Proper natural ventilation is one of the first considerations while designing a home. Building orientation and a well-studied openings layout would promote an effective airflow through the space (cross ventilation, cooling towers). Implementing a functional hybrid ventilation system indoors would contribute to the dilution of some contaminants.
Along with designing a proper and well-controlled aerated dwelling, the architect should consider managing building air leakage by maintaining a stable indoor air pressure. Even though natural ventilation is important, it also entails that whatever air is lost must be replaced to have a neutral indoor/outdoor air pressure. It is crucial not to allow unchecked air infiltration as this would potentially bring in additional pollutants.
Despite the fact that natural ventilation is generally preferred as it is considered to be CO2 free and that most standard mechanical systems use lots of energy, risks could arise through unstudied natural air renewal in the home as outdoor emissions such as traffic pollution and other micro-particles might be brought inside. Isolating connecting spaces is a manner of minimizing the stack effect. Disconnecting building spaces and compartmentalization is another consideration while designing the project.
In addition to the above, the most effective means would also be to implement smart mechanical ventilation/air-conditioning systems with proper filtration and heat/cold recovery. Complementary to natural ventilation, artificial indoor heating and cooling systems could be equipped with specific filters that would reduce the rates of airborne particulates. Bearing in mind that standard fiberglass panel filters are not always most effective as the recommended Minimum Efficiency Reporting Value or MERV should be at 8 and higher (according to certain standards) whereas typical home filters are at 4 or 5. Proper filters are generally not adaptable to all standard ventilation systems and would require constant upkeep.
Effective ventilation and filtering standards can also be reviewed through the Science for Policy report by the Joint Research Center (JRC). It is an informative European standards base to revert to as it introduces the HELTHVENT WP5 Report (2012) which assesses ventilation standards related to Indoor Air Quality and compares them between 16 countries. It is an especially important document to follow up on mechanical ventilation filtering recommendations which are still not too commonly applied in European dwellings.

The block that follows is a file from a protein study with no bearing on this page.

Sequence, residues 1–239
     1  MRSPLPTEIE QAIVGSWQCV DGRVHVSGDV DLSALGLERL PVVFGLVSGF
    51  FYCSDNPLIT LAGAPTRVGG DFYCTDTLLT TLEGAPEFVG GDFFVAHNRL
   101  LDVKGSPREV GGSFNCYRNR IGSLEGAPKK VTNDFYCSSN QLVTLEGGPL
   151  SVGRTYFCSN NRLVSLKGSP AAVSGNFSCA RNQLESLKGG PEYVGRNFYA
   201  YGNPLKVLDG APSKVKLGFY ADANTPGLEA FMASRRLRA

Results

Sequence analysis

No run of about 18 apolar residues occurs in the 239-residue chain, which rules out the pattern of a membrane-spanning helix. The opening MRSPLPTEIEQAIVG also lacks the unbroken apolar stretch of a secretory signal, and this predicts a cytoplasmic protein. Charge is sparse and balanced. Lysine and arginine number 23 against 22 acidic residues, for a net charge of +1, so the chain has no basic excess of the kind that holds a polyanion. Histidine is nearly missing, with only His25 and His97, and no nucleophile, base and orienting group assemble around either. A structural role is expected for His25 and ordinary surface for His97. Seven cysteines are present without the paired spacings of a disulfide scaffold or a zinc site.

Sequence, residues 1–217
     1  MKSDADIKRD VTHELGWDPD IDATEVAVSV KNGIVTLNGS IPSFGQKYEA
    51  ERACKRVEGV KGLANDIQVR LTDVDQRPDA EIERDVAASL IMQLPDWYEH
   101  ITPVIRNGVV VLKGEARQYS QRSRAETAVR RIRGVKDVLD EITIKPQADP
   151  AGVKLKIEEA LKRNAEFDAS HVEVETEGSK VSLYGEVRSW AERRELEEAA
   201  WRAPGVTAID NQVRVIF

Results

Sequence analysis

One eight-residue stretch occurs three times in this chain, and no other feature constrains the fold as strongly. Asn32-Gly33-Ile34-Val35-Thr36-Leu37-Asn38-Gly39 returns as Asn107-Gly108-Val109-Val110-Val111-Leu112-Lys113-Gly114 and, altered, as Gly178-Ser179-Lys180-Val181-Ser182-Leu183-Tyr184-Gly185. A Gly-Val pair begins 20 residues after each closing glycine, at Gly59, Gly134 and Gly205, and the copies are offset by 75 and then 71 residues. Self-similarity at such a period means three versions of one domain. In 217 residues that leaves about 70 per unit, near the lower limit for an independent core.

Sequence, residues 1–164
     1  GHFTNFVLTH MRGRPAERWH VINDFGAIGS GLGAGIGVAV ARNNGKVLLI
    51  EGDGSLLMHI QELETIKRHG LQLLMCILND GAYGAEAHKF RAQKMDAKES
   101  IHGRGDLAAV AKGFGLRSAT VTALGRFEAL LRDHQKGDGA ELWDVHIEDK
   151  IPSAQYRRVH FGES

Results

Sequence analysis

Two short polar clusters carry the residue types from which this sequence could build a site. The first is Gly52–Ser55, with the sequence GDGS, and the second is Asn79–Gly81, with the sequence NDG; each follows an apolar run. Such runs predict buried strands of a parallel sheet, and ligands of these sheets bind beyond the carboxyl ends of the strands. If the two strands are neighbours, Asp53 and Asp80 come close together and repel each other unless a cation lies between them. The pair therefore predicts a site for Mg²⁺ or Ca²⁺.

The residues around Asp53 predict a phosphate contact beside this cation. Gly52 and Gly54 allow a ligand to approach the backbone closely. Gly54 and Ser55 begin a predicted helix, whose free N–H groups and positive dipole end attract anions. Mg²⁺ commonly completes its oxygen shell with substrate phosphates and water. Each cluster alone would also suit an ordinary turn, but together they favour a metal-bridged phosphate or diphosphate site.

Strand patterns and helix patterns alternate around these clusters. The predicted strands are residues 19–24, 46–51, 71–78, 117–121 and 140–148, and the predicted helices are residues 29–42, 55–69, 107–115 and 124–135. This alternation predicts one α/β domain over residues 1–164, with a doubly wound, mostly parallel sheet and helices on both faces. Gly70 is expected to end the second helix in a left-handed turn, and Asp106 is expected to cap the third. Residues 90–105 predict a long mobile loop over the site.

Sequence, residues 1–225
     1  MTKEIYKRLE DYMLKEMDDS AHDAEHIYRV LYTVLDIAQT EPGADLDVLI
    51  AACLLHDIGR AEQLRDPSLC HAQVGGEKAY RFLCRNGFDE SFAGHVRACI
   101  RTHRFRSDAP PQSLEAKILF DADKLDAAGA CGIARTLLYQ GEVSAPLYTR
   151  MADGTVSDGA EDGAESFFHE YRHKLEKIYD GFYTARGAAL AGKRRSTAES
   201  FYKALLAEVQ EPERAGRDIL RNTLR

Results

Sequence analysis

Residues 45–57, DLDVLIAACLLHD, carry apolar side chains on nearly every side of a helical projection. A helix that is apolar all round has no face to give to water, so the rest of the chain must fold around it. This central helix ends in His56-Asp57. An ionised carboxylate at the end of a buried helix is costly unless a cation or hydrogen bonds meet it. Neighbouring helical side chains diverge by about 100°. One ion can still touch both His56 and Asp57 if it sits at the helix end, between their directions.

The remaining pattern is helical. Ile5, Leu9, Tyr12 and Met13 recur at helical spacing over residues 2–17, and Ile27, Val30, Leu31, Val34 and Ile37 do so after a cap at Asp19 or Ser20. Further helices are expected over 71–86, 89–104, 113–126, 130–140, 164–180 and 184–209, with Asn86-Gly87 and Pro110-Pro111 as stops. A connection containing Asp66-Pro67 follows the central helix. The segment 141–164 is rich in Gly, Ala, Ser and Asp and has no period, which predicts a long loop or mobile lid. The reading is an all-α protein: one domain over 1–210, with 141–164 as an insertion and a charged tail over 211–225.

Another highly important step would be to control the humidity and promote de-humidification. This begins by having a dry construction process including steel or timber framing. A dry foundation and building envelope are key to maintaining a controlled humidity rate that would be comfortable to occupants yet inhibiting the growth of molds or other pollutants. Seeking dry construction and finishing material is also a good step to promoting a healthy indoor air quality.
Finally, one of the most effective ways to mitigate the propagation of indoor air contaminants is by choosing the best material. It is possible to reduce and remove pollution sources. This can be done by using non-toxic modern materials that are purposely created for safe indoor constructions and use. Seeking Green labeled or Health certified items is a good solution to diminish indoor air polluting. Designing buildings and homes with new technology manufactured items can also contribute to much-coveted certifications like BREEAM, LEED, and WELL (rating systems).
Materials such as the Activ'Air® ceiling and plasterboard are even contaminant capturing and dilute up to 70% of VOCs found indoors. They offer a passive and therefore long-lasting technology that would not deploy the captured gases regardless of the temperatures. They require no maintenance and regulation and would, therefore, be more effective in reducing formaldehyde than additional ventilation.
Their practicality also lies in the fact that they are set into the base of the building or interior, as opposed to superficial finishing material (ex. Coatings) which would be more prone to damage and do not offer the same purifying functions. Note that the Activ'Air® panels are just as effective through layers of water-based, acrylic, or epoxy paints and breathable wallpaper (tested in Eurofins and VITO lab to assure the audience of third party validation inc. Conforming to EN 16000-23). Going for such smart materials would also allow flexibility in creating aesthetically pleasing and clean homes. Noting that functional and healthy spaces should not necessarily look boring or sterile.